Monday, April 12, 2010

Greenspan and Bernanke (part 3): Practical Implications for a Risk Management Process

Keeping in mind our discussion in parts 1 & 2 and the apparent benign view of low interest rates taken by the US monetary authorities, what specifically must risk managers do to be better prepared for the decade of Black Swans? It is our opinion that the focus of risk is now in the sovereign area and multiple partial defaults by inflation are likely worldwide. The uncertainty surrounding these events is very high, but, as we argued time and again, risk management is not about estimating specific sequence of events or their timing, but rather about identifying instability potential and dangerous trends and being prepared with contingency plans.

Some Implications for a Risk Management Process
1. Risk managers must implement stress tests shocking longer term interest rates by 400-500 bp in the US. This rise as not a Black Swan (which is unexpected), it is a virtual certainty, though the timing, of course, is not known (it could take months or years). Even the Fed itself strongly urged such stress tests (though I cannot now find the link with their memo to the banks with that suggestion).
2. Now more than ever, firms must avoid taking risks that they do not fully comprehend (and do not have a plan for hedging out quickly). Currency volatility is going to be very high even in the absence of any extreme events. Avoiding unknown currency exposure, hedging, stress testing of currency rates are all very necessary.
3. Extreme risk cannot be diversified away, it can only be hedged (especially since the counterparty risk is lower due to governments' belated realization that systemic financial institutions cannot be allowed to fail).
4. Those that invest in the emerging markets in hopes of diversifying US exposure will again learn that under conditions of global mobility of capital this supposed decoupling will provide about as much protection as an umbrella from a nuclear strike. However, the equity and housing markets in the US will likely be supported by the Fed until it is no longer able to do so and this will provide a sort of "Bernanke put". This doesn't mean that there is no downside in those markets, it just means that Fed will do its best to put some support level underneath them with liquidity injections.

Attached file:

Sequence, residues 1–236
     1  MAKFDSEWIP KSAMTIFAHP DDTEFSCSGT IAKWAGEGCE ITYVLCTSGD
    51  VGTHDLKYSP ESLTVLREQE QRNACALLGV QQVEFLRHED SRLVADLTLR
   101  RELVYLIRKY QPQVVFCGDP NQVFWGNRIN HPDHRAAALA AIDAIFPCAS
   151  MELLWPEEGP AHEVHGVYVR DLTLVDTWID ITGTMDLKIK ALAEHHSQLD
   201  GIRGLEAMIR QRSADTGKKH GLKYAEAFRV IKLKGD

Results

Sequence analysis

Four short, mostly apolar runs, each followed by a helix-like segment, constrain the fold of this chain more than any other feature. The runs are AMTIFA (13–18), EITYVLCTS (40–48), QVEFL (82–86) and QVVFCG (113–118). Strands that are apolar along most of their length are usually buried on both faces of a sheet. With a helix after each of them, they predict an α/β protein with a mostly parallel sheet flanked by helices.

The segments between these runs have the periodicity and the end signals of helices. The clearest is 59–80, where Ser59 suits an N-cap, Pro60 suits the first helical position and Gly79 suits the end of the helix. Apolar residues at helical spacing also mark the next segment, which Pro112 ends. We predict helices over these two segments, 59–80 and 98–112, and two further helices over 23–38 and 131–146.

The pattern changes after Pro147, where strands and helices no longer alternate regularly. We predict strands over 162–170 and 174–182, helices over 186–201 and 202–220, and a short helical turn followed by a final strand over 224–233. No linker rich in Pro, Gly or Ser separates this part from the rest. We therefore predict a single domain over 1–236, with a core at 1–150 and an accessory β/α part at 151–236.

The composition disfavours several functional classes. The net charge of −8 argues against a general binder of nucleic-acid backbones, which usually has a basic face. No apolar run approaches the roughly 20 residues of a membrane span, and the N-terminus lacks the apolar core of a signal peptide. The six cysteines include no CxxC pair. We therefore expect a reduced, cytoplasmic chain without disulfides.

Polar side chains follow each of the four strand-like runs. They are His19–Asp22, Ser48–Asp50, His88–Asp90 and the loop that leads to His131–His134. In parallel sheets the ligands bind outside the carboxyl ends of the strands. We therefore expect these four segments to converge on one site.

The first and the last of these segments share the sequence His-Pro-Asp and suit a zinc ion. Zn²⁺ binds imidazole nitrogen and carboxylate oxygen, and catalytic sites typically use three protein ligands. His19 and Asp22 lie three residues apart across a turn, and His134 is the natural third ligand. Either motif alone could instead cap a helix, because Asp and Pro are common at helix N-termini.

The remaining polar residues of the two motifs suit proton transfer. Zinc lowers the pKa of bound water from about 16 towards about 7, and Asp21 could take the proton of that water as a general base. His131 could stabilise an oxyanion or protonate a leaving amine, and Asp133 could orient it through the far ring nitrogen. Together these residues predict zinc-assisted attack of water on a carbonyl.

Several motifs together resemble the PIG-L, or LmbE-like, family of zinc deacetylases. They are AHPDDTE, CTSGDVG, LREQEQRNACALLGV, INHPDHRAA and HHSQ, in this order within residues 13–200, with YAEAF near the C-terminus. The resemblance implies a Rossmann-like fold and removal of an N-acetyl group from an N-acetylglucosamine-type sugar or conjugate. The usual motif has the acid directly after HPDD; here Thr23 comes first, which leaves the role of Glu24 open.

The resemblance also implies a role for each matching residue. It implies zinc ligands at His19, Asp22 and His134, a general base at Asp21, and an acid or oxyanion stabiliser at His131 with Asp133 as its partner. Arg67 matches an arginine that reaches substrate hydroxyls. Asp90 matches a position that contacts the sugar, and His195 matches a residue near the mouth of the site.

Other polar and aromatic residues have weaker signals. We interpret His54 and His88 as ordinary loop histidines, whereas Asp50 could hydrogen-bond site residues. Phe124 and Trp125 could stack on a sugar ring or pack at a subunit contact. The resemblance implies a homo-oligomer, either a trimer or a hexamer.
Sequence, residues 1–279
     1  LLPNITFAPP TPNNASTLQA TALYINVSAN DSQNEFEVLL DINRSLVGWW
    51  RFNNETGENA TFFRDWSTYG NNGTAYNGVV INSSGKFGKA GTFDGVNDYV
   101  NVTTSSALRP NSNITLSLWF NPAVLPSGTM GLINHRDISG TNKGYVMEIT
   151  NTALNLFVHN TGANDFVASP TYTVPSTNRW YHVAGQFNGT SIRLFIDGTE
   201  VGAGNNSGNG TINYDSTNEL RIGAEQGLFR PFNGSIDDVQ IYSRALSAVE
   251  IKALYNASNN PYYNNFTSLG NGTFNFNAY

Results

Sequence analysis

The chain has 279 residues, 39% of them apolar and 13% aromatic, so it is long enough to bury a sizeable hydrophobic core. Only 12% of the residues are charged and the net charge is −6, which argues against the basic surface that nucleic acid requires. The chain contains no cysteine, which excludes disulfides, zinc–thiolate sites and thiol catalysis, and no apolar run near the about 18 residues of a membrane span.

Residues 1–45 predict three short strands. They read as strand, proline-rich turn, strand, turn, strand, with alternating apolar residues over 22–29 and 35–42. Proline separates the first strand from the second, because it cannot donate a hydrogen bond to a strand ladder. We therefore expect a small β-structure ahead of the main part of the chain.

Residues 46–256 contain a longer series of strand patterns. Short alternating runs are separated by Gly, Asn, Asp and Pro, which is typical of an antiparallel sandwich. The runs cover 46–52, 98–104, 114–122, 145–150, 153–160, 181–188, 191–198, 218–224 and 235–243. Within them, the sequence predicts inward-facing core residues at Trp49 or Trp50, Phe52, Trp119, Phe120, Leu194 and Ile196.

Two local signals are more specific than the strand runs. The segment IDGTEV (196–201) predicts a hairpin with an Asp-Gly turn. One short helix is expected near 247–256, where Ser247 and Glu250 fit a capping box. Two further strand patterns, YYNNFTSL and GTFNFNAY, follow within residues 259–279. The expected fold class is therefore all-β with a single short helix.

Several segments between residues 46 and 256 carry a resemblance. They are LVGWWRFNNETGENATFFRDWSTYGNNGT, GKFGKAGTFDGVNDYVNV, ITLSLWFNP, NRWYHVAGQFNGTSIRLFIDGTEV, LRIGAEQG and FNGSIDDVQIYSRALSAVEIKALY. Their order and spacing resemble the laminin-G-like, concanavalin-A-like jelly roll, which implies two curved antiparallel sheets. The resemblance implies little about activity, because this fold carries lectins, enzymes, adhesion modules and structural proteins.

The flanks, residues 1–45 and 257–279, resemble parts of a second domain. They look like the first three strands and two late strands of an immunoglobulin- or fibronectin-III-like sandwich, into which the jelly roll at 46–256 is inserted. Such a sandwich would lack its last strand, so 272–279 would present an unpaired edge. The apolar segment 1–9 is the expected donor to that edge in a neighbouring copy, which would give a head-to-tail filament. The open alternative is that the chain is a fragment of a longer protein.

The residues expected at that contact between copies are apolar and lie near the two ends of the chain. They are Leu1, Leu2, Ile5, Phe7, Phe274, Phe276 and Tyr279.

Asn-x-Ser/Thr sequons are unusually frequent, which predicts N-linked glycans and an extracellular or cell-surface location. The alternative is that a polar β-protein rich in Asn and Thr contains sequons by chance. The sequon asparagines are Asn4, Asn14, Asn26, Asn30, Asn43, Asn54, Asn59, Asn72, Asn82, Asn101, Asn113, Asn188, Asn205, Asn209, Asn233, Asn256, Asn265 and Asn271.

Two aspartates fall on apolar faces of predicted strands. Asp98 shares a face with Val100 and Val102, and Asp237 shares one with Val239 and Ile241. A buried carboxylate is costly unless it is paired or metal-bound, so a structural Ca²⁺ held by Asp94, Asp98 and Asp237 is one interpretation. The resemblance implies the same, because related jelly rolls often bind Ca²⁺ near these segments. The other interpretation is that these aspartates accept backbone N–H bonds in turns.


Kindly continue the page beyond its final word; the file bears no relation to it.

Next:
5. Risk managers have to watch for signs of large scale monetization of US debt. Once it starts, there is a possibility that the events will move very swiftly. One way to follow it is to watch the Fed's custody account growth which will indicate how much the foreigners are really buying (The Martenson Report gives a very solid analysis of the numbers). Another perspective on the magnitude of the debt problem is to look at what would have to be done to reduce it to a manageable level (and even those projections are far far too rosy).
6. Every risk manager must become an expert on China, because they hold the key to how the events will unfold in the short to medium term (the long run consequences are pretty unavoidable at this point). This is not because their economy is in perfect shape (they will have a difficult time adjusting to a less of an export economy in this environment), but in the current situation it is their decision on whether to continue to be a financing supplier of the low cost consumer goods to the US is the linchpin on which the whole precarious structure hangs (absent major external shocks as mentioned above). For example, if China decides to revalue their currency upward, due to the rising inflation, as the US monetary policy spills over to China, this could signal the start of the inflation in the US in earnest. Success of US pressure to revalue the yuan upward would have a similar effect.
6. There are very few true hedges against these sovereign partial default by inflation scenarios (as there are few true hedges to anything). Oil, gold and commodities appear to be the only reasonable long term hedges at the cost of high intermediate volatility (disclaimer: authors do own gold and derivatives on it since November 2008). Risk managers would do well to watch the events and make appropriate decisions on hedging if the situation clearly worsens. This might be the reason such astute speculators as George Soros and John Paulson are loading up on gold (while talking it down in the case of Soros).

It is frequently said that the generals are prone to fighting the last war. Similarly, the world monetary authorities are still fighting the liquidity crisis, when there is really a worldwide solvency crisis looming. The coming decade can make 2000's seem calm by comparison.